This article is part of a series.
If you have written something in Kotlin chances are that you wrote it for Android. Kotlin, however, has other areas where it can be useful. In the following series, we’ll explore what other fields exist where Kotlin can shine and discuss how you can take advantage of them.
While Kotlin started out as a language for the JVM, its creators have started to give us options to use the language on other platforms as well. The Kotlin Frontend Plugin is nothing new, but now we can go native or create multiplatform projects.
What is also interesting is that on the JVM you can also use Kotlin on the backend with great effect. Using Spring with Kotlin is becoming easier with the advent of Spring 5 which has built-in support for Kotlin, but you can choose from a variety of technologies, like vert.x, RxKotlin or even tools written in Kotlin like Hexagon.
Kotlin on the backend
As I have written about this before I think that the interop between Java and Kotlin is quite seamless. This also means that using Kotlin in place of Java on the backend is rather easy. Apart from a few nuisances, you can pretty much start writing your new features in Kotlin within your Java project or if you just want to try it out you can start by writing your tests with it.
If you look around it seems that companies with a big slice of the backend pie also have the same thought: the new version of Spring has some features dedicated to Kotlin and you can even use Kotlin to write your Gradle scripts using the kotlin-dsl.
What is interesting to note here is that you don’t need Kotlin support for any of these libraries, because the Java interop features of Kotlin are so good. In the next article in this series, we’ll explore some ways you can write backend code with and without libraries written in Kotlin and we’ll also look into how you can tinker with your existing programs written in Java.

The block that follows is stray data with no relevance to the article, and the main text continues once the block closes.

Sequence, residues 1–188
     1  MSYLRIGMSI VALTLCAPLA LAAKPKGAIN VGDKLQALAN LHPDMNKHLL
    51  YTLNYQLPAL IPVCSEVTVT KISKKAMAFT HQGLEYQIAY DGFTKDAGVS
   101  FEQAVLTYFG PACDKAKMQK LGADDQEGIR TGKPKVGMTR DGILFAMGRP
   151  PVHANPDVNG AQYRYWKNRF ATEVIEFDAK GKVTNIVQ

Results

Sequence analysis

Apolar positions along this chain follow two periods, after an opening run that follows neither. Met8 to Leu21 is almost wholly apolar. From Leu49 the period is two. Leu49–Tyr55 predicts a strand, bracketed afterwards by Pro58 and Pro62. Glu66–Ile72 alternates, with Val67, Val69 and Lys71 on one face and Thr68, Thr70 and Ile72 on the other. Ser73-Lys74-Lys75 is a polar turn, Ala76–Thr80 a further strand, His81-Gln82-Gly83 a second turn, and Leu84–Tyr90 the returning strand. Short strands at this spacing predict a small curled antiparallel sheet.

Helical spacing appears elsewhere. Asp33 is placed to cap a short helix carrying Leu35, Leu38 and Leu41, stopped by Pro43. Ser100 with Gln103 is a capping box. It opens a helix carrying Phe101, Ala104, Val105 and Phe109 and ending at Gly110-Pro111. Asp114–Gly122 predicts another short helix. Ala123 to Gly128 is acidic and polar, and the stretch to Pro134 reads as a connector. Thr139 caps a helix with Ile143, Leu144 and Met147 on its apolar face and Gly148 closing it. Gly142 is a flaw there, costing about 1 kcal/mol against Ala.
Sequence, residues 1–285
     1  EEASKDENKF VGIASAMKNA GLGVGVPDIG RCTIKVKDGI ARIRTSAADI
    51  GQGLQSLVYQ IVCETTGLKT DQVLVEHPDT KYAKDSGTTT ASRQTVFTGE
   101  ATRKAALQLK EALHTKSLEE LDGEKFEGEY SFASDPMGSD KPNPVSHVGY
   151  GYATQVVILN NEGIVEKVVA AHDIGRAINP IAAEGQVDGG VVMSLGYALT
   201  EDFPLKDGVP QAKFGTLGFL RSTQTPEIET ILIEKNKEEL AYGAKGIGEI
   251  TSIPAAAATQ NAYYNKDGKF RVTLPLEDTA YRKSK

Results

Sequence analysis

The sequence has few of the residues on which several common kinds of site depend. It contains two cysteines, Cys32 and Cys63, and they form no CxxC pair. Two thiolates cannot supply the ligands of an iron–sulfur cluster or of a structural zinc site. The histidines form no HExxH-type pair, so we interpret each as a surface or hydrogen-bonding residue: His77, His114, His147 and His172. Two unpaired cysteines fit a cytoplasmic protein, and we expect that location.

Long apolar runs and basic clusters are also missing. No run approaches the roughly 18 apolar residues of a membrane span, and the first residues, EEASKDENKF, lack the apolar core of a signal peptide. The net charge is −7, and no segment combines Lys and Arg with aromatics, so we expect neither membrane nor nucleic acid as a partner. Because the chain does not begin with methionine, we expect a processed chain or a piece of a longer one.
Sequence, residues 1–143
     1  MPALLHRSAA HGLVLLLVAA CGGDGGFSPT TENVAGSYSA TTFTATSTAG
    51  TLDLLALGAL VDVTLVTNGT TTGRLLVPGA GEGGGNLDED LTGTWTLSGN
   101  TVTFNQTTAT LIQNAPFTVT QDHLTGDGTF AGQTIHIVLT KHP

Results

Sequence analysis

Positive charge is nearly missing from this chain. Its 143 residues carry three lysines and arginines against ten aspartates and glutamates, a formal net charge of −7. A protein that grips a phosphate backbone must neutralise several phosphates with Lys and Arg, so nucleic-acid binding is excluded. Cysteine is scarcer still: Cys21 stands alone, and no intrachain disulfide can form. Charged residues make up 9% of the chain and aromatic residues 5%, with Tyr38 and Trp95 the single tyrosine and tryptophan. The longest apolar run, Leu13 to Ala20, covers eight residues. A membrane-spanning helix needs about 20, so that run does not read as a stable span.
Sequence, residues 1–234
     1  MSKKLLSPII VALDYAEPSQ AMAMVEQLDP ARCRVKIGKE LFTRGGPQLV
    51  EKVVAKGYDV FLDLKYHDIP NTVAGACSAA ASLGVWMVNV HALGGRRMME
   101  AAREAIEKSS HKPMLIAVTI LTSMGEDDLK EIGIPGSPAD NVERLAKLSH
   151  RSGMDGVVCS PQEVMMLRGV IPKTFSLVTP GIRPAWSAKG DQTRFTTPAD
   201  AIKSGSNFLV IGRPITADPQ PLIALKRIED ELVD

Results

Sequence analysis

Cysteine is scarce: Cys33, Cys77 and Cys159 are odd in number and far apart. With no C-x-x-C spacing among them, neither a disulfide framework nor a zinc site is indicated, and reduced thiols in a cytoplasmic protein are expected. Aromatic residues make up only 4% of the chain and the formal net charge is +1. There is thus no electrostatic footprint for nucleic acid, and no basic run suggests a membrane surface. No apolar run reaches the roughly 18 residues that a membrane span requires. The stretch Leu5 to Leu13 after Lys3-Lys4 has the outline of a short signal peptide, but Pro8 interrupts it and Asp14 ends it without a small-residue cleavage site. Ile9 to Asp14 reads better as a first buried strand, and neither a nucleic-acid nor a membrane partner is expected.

The former is a simple way to turn your code to JS without the hassle of managing external dependencies. It just works out of the box and results in a
.js file which you can copy to your static assets folder.
The latter is a little more involved but it lets you use both Maven and npm dependencies.
With the use of these, you can easily go full stack but they do not let you share code between your backend and your frontend project. Check out this TodoMVC implementation which I have written if you are interested in how this works.
Have you ever tried running Kotlin in an embedded environment or compile it into a single binary? Enter Kotlin Native which lets you do just that:
Kotlin/Native is an LLVM backend for the Kotlin compiler, runtime implementation, and native code generation facility using the LLVM toolchain.
While this is still in a pre-release version (
0.4 at the time of writing) Kotlin Native is a promising development which tries to fill in the holes which are currently present and let you use Kotlin in some areas where it was not feasible to do so, like:
- iOS applications (reusing code with Android)
- Embedded systems/IoT (e.g., Arduino and beyond)
- Data analysis and Scientific Computing
- Server-side and Microservices (low-footprint executables, utilizing the power of coroutines)
- Game Development
While it is all well and good that you can now use Kotlin on a multitude of platforms what good does it do if you can’t wire your different codebases together? With the release of Kotlin 1.2 now you can share code between platforms reliably.
This works by dividing your codebase into common and platform modules and by using the expect + actual API which lets you define classes and functions which will be implemented on each platform. You can take a look at this video by Dmitry Jemerov who is the Kotlin IDE Team Lead at JetBrains to get a better understanding of this topic.
We’ve explored some areas where Kotlin can shine and the way you can glue together your multiplatform projects. In the following articles we’ll look into each of these options in a little more detail.